And yes we can hear high notes better than low notes. That's why violin and fiddle are popular solo instruments, tenors and sopranos are the key solo voices, and many people can't sing along with their favourite songs on the radio that are sung by professionals with high voice skill.
But it's not even that long ago that we heard a much greater variety of voices on the radio: Nina Simone, Hildegard Knef, Marlena Dietrich, Tina Turner, Dean Martin, Frank Sinatra, Tom Jones, Bing Crosby, Lee Hazelwood, Johnny Cash etc. These are all deep voices, and people didn't have any trouble relating to them.

I think it's kind of a shame that mainstream music mostly favours that bright, shiny timbre that high voices have (I blame Disney!). Country music is one of the few genres that still has some baritone stars. Let a thousand flowers bloom, I say.
 
But it's not even that long ago that we heard a much greater variety of voices on the radio: Nina Simone, Hildegard Knef, Marlena Dietrich, Tina Turner, Dean Martin, Frank Sinatra, Tom Jones, Bing Crosby, Lee Hazelwood, Johnny Cash etc. These are all deep voices, and people didn't have any trouble relating to them.

I think it's kind of a shame that mainstream music mostly favours that bright, shiny timbre that high voices have (I blame Disney!). Country music is one of the few genres that still has some baritone stars. Let a thousand flowers bloom, I say.
Well, Disney did employ Cliff Edwards! Bob Wills' interjections are similarly quite high pitched in Western Swing but that seems to be the exception in country music. It is possible to stretch your vocal range with practice (and tuition!), although this can be at the expense of your lower range. Most successful male vocalists tend to fall in the tenor range but the likes of Tennessee Ernie Ford haven't disappeared just yet, nor has Ruth Pointer!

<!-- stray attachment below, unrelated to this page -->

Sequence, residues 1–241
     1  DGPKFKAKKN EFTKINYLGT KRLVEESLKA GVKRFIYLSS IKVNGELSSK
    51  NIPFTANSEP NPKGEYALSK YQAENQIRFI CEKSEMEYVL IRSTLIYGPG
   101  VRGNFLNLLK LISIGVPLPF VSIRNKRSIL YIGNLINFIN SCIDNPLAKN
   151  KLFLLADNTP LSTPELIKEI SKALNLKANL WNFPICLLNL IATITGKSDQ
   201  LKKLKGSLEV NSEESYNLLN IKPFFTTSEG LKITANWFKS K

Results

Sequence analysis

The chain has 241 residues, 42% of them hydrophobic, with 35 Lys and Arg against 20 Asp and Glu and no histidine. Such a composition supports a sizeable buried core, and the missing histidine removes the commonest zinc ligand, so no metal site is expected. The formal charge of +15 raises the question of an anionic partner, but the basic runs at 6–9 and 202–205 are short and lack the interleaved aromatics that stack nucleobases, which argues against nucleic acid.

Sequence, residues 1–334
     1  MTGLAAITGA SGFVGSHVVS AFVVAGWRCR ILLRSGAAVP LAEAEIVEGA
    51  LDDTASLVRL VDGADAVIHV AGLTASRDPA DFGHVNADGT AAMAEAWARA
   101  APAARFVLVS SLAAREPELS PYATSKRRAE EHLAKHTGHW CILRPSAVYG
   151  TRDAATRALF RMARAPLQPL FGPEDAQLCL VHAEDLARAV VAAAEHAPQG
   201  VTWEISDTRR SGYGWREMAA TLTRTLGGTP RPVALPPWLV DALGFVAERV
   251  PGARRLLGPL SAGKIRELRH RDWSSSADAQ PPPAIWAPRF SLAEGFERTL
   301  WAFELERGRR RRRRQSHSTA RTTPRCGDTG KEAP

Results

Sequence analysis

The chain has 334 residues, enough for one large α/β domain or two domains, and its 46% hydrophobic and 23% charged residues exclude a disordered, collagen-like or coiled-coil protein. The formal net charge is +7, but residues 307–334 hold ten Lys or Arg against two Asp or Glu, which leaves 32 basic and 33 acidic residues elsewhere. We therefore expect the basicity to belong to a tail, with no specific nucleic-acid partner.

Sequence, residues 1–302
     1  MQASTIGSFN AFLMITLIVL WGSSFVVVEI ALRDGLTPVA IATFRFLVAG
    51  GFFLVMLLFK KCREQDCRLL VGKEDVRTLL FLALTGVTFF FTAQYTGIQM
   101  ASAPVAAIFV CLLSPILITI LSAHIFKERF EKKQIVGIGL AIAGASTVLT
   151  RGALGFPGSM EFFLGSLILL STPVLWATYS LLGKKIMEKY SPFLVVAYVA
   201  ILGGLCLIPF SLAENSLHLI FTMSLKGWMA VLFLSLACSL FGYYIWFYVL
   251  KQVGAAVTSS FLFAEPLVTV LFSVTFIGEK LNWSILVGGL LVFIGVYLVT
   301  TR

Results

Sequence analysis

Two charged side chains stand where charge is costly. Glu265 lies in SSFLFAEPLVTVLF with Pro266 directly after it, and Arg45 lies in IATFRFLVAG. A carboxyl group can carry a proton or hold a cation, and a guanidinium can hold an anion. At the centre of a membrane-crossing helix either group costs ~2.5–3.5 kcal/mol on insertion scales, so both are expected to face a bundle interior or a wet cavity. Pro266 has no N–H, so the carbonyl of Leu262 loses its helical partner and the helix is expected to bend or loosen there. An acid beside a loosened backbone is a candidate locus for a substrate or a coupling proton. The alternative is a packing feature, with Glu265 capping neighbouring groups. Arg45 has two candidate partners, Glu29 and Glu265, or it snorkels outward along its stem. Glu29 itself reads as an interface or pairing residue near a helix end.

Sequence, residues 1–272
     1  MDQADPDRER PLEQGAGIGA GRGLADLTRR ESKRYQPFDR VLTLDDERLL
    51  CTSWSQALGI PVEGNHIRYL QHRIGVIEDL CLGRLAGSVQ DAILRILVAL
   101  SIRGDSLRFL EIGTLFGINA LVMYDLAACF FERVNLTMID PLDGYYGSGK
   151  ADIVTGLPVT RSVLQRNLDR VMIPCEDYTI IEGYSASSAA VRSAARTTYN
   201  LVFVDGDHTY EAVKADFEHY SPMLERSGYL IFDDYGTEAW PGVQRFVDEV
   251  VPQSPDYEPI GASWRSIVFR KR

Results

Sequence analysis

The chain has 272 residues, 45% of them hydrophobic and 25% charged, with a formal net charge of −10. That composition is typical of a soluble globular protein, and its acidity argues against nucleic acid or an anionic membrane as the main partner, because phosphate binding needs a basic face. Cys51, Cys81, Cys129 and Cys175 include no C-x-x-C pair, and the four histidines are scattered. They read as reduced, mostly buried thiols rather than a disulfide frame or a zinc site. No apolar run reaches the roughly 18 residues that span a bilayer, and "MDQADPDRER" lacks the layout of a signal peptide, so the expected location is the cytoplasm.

Your Snark tuner can only identify the individual notes that you are singing. The readout on the tuner will keep changing with each different note that you sing. If you are trying to identify what key a particular song is in, play or sing the very last note in the song. For many songs, the name of the last note is frequently the same as the same of the key. (i.e. If the last note is a C, then the song is quite likely in the Key of C.)
Good points! Maybe have a nice glass of tonic nearby.
 
Thank you for posting this question, @BiosphereDecay! I’ve had precisely the same question rolling around in the vast empty space within the creative hemisphere of my tiny brain but presumed it to be virtually un-answerable in this forum/ format. Please allow me to piggyback a related question which, worst- case, will confirm that my lack of musical knowledge is indeed profound and, best- case, may be of help to both of us:

If I were to attach my Snark electronic tuner to, say, my left earlobe or the tip of my nose, then sing the first or last lyric from a tune I’m practicing, will the tuner readout tell me what key my voice is in?